Sometimes life presents opportunities where you are sitting right next to somebody you have never met. Restaurants, public transit, etc. Flights too are often one of these occasions.

If I forget to tell you, talk to the stranger sitting next to you.

In February 2015, I was returning from a flight overseas and had a layover in Toronto, Canada. However, due to a snowstorm, my final flight to Cleveland was cancelled, so I had to stay over in a hotel. The next morning, the weather was still quite bad, but I got booked on a fight to Cleveland.

It was a small airplane. Three, maybe four, seats wide. I was on the window seat, and got there when the seat next to me was empty. Maybe it’s just me, but there is always a little nervous expectation of who will sit beside me. Within a few minutes a gentleman sat down next to me. I had learned many years prior to always engage people sitting next to me. I have discovered fascinating lives and learned much about humanity. For instance, I vividly remember speaking at length to a lady who was a nurse who had just come from Eastern Congo (we were flying from Nairobi to Europe) and the stories of suffering and rape that she expressed were incredibly saddening. That one flight made it more real for me than any 20 news stories.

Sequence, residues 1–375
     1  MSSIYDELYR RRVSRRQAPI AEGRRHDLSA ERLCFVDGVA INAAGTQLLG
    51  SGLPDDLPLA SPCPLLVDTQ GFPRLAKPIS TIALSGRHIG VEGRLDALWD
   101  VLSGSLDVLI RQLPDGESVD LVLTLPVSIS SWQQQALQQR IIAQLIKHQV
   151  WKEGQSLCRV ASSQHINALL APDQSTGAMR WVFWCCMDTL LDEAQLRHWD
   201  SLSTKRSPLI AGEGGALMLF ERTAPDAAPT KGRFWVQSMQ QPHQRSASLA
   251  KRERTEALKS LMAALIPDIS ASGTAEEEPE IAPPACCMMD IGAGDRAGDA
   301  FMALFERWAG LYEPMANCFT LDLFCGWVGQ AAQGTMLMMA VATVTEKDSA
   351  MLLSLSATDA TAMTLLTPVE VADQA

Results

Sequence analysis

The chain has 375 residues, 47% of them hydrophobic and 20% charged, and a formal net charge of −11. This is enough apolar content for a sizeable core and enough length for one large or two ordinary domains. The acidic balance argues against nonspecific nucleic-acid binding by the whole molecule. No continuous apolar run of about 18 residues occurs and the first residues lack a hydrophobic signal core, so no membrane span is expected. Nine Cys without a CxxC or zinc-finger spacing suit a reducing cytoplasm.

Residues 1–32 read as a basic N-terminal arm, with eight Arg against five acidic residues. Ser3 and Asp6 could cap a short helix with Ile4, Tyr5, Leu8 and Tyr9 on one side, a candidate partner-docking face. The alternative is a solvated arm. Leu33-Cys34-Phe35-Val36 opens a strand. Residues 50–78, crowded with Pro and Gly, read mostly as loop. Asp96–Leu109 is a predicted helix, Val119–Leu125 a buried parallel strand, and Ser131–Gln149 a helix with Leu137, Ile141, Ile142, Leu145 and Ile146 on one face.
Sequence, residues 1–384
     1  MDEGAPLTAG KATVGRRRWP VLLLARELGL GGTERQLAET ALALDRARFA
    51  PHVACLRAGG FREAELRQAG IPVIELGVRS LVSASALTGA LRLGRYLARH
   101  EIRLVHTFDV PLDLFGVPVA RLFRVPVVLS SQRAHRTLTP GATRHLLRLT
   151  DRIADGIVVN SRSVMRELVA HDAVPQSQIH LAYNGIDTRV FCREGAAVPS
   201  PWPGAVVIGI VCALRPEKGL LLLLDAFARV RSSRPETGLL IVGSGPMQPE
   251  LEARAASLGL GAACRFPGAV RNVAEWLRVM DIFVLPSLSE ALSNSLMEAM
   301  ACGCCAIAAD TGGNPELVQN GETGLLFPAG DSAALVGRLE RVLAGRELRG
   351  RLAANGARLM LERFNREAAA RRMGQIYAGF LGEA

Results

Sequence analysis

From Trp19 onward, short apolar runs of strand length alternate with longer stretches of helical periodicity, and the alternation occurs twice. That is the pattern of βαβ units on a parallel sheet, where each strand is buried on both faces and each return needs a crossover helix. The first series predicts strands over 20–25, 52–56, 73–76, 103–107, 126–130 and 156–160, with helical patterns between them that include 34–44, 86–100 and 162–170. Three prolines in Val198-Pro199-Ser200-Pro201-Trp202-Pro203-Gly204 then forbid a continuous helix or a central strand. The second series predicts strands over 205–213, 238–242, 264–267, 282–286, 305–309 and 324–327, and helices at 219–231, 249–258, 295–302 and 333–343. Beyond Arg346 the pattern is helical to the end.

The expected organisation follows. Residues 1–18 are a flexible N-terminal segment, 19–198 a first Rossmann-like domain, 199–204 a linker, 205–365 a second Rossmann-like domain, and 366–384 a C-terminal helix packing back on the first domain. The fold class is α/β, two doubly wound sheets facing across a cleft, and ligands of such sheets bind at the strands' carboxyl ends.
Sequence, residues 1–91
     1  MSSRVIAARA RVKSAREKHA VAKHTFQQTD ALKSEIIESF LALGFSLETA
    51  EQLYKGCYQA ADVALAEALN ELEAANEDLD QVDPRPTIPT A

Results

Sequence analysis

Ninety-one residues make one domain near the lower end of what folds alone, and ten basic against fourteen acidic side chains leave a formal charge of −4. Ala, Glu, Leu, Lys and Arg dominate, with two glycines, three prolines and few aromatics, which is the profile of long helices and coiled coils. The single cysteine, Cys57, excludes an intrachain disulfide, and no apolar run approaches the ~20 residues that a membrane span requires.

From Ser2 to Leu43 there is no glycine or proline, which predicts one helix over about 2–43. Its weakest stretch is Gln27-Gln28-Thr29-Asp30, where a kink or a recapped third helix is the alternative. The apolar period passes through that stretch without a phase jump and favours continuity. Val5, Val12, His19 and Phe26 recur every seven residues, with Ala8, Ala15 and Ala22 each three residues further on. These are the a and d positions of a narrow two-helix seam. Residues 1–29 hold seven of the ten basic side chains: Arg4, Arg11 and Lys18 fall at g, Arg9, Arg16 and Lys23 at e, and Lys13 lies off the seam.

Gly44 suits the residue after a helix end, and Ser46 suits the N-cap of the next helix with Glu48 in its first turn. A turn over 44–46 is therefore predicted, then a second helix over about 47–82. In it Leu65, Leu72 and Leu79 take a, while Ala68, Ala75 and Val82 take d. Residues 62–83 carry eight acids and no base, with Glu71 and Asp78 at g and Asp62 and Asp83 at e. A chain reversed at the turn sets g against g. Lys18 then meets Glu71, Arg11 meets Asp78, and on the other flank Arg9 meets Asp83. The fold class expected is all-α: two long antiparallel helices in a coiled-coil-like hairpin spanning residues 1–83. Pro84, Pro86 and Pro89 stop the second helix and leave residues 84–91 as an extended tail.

But back to my flight in Toronto. The man who sat next to me was incredibly kind and engaging. He had very broad experiences and we shared both a love of horticulture and had both traveled to Africa. We talked for what ended up being hours. Since the weather was still bad, we sat on the tarmac for a very long time. It was supposed to be a quick flight, but it took many hours. This would have been one of those flights where frustration built, and impatience reigned. But the time passed quickly with the engrossing discussion. I learned much. He talked about how at one point he worked for Windsor Castle and that he was interviewed by the Queen as the last part of the interview process. A very interesting man that, at that time, expanded my horizons to the many good people who live in this world.